LAHORE - Some 30 children study in a room of three-marla double story house in a shabby locality of Yousaf Nagar, situated at right side of Sherakot toll plaza on Islamabad-Lahore Motorway.

A dedicated female teacher, a chair, a table, a mat, a whiteboard, an electric fan, a water cooler and a washroom define this home-school which was established a year back with the objective to provide free education to deserving children.

Since there is no government institute in the entire Shibli Town union council, the school is not less than a blessing for the poor parents having no capacity to send their children to private institutions. It is also a gift for the students dreaming high for their future.

“I want to become a doctor,” said Irim, a confident fourth grade student. Irim’s mother is a home based worker and her younger brother also comes with her to attend the classes on daily basis.

Students, from different grades, sit side by side in the class room. The teacher explained that it was because students were enrolled in the same class in the home-school from where they had left the study from private schools due to financial issues.

This home-school is a brainchild of Youth Commission for Human Rights (YCHR). The National Rural Support Programme and Small Grant Ambassador Funds Programme provided funds for the purpose. Besides free tuition, the children are provided free of cost books and stationary.

A 10-member school management committee comprising eight parents, the teacher, and YCHR staff look into the entire functioning of the school and holds monthly meetings.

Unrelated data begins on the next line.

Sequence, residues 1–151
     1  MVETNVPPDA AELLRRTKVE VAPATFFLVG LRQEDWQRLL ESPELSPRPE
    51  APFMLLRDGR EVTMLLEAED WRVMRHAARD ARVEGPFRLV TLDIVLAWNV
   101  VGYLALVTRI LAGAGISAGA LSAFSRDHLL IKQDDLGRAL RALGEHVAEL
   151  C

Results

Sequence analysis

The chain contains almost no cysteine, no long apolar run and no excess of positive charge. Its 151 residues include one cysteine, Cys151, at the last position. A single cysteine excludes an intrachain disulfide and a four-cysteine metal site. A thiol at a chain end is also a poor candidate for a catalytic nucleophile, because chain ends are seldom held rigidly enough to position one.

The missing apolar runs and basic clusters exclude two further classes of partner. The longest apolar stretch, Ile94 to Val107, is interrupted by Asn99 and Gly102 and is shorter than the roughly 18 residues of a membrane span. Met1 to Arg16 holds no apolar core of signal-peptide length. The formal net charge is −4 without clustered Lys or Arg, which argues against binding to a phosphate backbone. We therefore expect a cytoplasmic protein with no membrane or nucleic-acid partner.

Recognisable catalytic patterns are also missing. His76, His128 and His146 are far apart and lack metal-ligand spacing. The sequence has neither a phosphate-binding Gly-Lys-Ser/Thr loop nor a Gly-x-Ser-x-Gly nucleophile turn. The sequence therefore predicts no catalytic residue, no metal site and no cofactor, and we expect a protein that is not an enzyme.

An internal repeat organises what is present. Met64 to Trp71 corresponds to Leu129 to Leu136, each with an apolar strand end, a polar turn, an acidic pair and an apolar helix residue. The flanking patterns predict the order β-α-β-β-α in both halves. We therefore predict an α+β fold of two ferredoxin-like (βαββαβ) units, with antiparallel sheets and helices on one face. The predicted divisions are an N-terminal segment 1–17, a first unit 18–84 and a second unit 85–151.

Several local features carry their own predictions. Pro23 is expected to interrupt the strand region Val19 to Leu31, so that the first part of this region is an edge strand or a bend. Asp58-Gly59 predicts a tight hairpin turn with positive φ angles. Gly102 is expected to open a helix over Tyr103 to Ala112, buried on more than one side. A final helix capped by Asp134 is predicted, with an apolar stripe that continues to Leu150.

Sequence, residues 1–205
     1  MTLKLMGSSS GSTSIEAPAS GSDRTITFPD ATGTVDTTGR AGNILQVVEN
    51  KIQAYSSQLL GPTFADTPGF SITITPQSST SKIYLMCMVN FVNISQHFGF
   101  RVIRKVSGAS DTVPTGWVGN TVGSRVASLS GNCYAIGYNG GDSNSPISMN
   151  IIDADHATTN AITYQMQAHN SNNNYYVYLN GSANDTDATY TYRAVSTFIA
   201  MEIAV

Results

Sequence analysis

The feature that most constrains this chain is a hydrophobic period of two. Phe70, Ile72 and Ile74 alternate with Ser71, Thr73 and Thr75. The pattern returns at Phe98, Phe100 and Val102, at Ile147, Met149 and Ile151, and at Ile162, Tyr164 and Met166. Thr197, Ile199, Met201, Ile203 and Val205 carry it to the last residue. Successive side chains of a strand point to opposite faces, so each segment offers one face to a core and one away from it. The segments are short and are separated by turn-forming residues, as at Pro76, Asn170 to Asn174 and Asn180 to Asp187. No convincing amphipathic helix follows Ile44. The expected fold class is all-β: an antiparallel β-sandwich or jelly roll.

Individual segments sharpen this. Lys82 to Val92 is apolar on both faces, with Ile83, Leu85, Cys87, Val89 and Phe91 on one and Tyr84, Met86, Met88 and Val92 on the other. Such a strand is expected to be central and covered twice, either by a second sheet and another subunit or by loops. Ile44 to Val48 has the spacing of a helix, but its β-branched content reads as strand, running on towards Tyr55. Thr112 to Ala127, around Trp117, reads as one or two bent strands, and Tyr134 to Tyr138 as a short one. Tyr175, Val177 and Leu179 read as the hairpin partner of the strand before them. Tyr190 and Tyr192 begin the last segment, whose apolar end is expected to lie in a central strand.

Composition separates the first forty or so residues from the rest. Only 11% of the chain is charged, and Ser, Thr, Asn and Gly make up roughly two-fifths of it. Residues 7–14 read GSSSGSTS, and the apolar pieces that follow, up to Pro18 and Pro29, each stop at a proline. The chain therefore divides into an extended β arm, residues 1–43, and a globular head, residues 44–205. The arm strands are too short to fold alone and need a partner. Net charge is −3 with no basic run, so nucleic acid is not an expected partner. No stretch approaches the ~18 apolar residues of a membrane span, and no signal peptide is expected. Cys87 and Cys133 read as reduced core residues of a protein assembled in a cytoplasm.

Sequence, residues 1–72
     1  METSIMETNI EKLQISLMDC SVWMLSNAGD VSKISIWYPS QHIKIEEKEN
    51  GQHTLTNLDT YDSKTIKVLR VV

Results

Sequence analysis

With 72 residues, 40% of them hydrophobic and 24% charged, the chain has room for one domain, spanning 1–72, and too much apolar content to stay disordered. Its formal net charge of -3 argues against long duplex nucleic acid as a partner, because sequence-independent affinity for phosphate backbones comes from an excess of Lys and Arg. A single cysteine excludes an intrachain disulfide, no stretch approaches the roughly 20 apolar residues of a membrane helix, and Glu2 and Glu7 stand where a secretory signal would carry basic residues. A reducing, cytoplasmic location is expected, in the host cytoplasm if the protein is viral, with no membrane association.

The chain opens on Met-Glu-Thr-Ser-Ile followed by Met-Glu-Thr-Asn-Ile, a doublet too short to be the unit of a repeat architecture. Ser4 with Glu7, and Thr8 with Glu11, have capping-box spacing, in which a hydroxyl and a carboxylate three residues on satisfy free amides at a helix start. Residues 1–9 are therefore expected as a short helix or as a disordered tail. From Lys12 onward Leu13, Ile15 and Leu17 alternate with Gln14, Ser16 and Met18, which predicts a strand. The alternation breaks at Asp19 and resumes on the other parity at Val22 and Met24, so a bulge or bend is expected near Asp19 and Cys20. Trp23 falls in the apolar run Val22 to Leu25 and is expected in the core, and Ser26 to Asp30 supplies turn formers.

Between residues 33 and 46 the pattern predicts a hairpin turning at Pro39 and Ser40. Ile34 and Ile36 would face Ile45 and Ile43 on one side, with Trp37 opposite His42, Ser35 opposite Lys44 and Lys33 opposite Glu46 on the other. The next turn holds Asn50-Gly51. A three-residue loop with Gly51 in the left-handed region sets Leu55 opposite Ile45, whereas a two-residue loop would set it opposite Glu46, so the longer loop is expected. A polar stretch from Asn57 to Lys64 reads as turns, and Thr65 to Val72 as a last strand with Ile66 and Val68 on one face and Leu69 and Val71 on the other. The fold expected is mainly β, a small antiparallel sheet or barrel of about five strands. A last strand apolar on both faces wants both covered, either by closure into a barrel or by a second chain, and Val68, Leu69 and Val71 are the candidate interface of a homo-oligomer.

Yousaf Nagar is not the only home-school in the area as the organisation established five such more facilities in these localities of Shibli Town and Shaheen Abad. Shibli Town and Shaheen Abad are two union councils, falling in Samanabad Town of Lahore. Both UCs located right side of motorways’ Sherakot toll plaza.

“The YCHR also established 15 schools in district Muzaffargarh - the third most deprived districts out of 36 districts of Punjab,” project in-charge Wajahat Batool told The Nation, while narrating the further details of the project. “These 15 schools were set up in UCs of Utra Sandila, Manakpur, Thatta Gurmani and Alurid for establishment of home-schools.”

Batool said more than 1,000 needy students were being provided free education in home-schools. The YCHR, she added, hired 20 teachers for the schools and it has been more than a year that the mission is continued.

The basic idea behind the move, according to Batool, was that the formal education due to its structured system could not cater the need of out of school or drop out children. The multi grade teaching learning approach was an answer to education of out of school children, she added.

“We are encouraging poor families to send their children into schools. We have so far distributed around half a million rupees in term of monthly cash awards to our students,” she informed.

Since the home-school is a one year project, YCHR CEO Shazia Khan has appealed the community to come forward to adopt these facilities. “We are receiving encouraging response from the people who want to adopt these schools but we decide about it by keeping in mid every aspect especially the future of the students,” Shazia added.